Yngve Slyngstad, who leads the management of Norway’s huge sovereign wealth fund known as the Oil Fund, has admitted that the fund’s investment in the company owning rights to Formula One racing has stalled badly. The investment’s woes have been accelerated by a share issue that ran out of gas and, not least, corruption charges against the company’s boss, Bernie Ecclestone.
“We are of course not happy with the situation that has arisen,” Slyngstad told newspaper Dagens Næringsliv (DN) on Tuesday, in a rare admission of concerns related to a specific investment by the fund. “What’s especially unfortunate are the corruption charges. There’s no doubt about that.”
DN has been tracking the fate of the fund’s decision, backed by Slyngstad in 2012, to invest NOK 1.8 billion (USD 300 million) in Delta Topco, a firm based in the tax haven of Jersey that owns the Formula One Group. It is run by Ecclestone and responsible for the promotion of the FIA Formula One World Championship and its commercial rights. Delta Topco is in turn owned primarily by investment companies including CVC Capital Partners, which newspaper The Guardian describes as a private equity firm that controls motorsport.
Ecclestone is an 83-year-old former Formula One team boss who’s long been credited with transforming the sport into the multi-billion-dollar business it is today. He now faces, however, a German bribery trial sparked by a EUR 44 million payment that he and his family trust made to a former executive at German bank BayernLB who’d been responsible for selling the bank’s stake in Formula One to its current private equity owners. German prosecutors charge that the payment amounted to a bribe. The Guardian reported last week that Ecclestone was “safe for now,” though, after CVC Capital said he would not be removed from his position as chief executive of Formula One. Ecclestone also won a related civil lawsuit in the UK where he was accused of undervaluing Formula One through the alleged bribe because, according to The Guardian, other bidders may have paid more than CVC.
Oil Fund’s troubled involvement
DN has reported that Norway’s Oil Fund, ranked as one of the largest sovereign wealth funds in the world, got involved with Formula One two years ago, when it bought shares in Delta Topco and lent it NOK 1.1 billion. The Oil Fund, set up to secure long-term investment of Norway’s oil revenues for future generations’ pensions, is restricted from investing in shares that aren’t publicly traded, but the plan at the time was for the shares in Delta Topco to be listed in Singapore in the summer of 2012. That didn’t happen. DN reported that the stocklisting plan was suspended just nine days after the Oil Fund’s investment was made public, and now can’t proceed until the legal trouble surrounding Ecclestone is settled.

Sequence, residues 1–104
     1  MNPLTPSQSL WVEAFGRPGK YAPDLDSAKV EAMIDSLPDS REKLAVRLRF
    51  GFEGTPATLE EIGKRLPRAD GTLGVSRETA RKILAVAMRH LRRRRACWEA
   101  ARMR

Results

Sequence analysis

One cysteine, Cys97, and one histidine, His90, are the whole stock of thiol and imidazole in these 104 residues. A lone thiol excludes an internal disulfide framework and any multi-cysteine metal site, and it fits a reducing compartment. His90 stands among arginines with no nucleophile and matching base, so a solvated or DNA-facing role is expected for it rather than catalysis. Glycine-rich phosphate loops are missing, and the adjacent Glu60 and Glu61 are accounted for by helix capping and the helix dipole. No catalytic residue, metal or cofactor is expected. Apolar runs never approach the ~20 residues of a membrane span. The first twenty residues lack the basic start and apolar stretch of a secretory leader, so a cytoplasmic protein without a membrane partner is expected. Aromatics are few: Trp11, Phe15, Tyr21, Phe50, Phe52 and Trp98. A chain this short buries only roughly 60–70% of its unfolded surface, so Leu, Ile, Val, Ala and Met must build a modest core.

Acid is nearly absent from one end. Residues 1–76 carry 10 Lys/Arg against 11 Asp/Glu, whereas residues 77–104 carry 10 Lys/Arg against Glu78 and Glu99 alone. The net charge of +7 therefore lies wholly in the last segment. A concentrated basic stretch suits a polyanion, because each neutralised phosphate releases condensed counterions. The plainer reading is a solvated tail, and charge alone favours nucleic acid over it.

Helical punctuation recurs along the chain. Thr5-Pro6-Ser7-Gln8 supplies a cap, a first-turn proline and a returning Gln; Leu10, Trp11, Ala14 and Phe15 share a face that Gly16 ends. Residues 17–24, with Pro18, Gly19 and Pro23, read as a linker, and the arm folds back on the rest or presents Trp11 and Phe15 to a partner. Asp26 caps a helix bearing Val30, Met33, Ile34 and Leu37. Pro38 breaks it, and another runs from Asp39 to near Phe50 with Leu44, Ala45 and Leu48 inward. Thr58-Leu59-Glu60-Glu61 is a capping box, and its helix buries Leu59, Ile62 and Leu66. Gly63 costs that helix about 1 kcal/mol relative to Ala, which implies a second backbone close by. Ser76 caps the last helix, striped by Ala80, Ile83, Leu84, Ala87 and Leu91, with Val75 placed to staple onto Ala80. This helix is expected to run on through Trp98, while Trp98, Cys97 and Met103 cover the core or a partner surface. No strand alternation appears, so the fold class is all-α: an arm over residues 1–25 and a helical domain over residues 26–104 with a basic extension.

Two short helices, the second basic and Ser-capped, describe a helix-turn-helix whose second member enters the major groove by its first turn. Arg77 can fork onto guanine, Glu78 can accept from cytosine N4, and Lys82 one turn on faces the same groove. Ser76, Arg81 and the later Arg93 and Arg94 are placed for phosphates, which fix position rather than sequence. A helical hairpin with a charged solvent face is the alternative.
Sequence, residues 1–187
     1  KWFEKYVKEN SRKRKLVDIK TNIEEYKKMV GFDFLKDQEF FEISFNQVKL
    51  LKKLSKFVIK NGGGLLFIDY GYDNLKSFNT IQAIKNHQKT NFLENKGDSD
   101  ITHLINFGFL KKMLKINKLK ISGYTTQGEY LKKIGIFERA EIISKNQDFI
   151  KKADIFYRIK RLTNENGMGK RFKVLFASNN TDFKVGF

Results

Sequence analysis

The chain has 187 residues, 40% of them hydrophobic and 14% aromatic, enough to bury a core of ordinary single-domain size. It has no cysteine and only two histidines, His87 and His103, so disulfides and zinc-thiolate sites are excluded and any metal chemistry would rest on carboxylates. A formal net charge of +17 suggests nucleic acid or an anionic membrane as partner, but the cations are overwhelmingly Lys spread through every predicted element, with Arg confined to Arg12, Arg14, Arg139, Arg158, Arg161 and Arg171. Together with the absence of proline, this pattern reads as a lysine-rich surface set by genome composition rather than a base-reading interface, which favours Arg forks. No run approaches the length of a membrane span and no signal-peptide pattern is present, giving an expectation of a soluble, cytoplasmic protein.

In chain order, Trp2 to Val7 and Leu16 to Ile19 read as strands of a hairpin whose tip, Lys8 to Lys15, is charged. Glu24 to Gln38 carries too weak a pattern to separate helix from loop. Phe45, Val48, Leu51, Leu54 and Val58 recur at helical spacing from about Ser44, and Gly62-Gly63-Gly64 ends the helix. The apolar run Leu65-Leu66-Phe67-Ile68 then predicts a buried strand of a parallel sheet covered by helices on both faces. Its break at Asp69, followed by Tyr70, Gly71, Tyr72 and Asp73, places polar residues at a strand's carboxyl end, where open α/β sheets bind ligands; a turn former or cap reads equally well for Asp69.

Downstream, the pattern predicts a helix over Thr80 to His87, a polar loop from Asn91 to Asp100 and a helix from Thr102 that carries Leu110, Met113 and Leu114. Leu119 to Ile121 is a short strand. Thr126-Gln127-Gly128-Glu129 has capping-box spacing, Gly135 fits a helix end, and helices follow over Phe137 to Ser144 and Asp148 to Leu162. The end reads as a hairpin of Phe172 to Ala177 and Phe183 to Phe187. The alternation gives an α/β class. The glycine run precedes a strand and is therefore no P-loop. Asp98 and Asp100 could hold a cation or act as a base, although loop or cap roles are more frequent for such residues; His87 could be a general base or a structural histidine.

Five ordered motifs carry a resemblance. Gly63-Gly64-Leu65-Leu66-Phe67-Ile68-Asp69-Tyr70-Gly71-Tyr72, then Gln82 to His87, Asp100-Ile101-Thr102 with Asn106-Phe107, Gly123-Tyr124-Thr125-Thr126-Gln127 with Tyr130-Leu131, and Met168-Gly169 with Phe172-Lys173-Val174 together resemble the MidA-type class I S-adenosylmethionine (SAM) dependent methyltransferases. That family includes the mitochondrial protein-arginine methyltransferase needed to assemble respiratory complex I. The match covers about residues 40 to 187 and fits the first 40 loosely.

Difficulties have piled up since the Oil Fund invested in Delta Topco, climaxing in the bribery charges filed against Ecclestone. Slyngstad now finds himself and the fund in an uncomfortable position, holding its only unlisted shares in a company based in a tax haven and led by a man charged with corruption. Slyngstad told DN, though, that he remains confident the board of Delta Topco Ltd will “clean up” and that a stocklisting will ultimately proceed.
Repeating an often-heard claim
“We have made it crystal clear that we have zero tolerance for corruption,” Slyngstad told DN, repeating a claim often heard of late in Norway by chairmen and government regulators of companies also caught up in corruption cases, like Yara and Kongsberg Gruppen. “We have full confidence that the board will take control of all this,” Slyngstad added. “It’s clear that if it’s not handled in a correct manner, we won’t want to be owners anymore. We won’t keep sitting with these shares.”
He told DN that he still believes there’s a market for the Delta Topco shares, that they will be listed publicly and that the Oil Fund therefore remains within its mandate. “There is still a clear intention of conducting a stocklisting (of the shares in Delta Topco) just as soon as it can take place,” Slyngstad told DN. He wouldn’t put a price on the shares, though.
Slyngstad seemed willing to accept criticism for the Oil Fund’s Formula One investment in the first place. “We probably should have publicly commented on our relation to this company (Delta Topco Ltd) at an earlier stage,” Slyngstad said, adding that “we could have asked for an exception to the confidentiality agreements we signed.”
Slyngstad also admitted that “we should learn for the next time that signing comprehensive agreements that we can’t say things, if a stocklisting actually doesn’t occur a few weeks later, can have a high cost.” In this case, Slyngstad candidly admitted, “vi bommet.” (literally, “we miscalculated.”) There can be no stocklisting, Slyngstad said, until a verdict is reached in the corruption case against Ecclestone.
While Slyngstad the Oil Fund has confidence in the Delta Topco/Formula One board, he is not happy that Ecclestone remains in place as chief executive and has only been removed from the board himself. “We wish he had been formally suspended (as chief executive), but he has been stripped of all his executive powers,” Slyngstad told DN.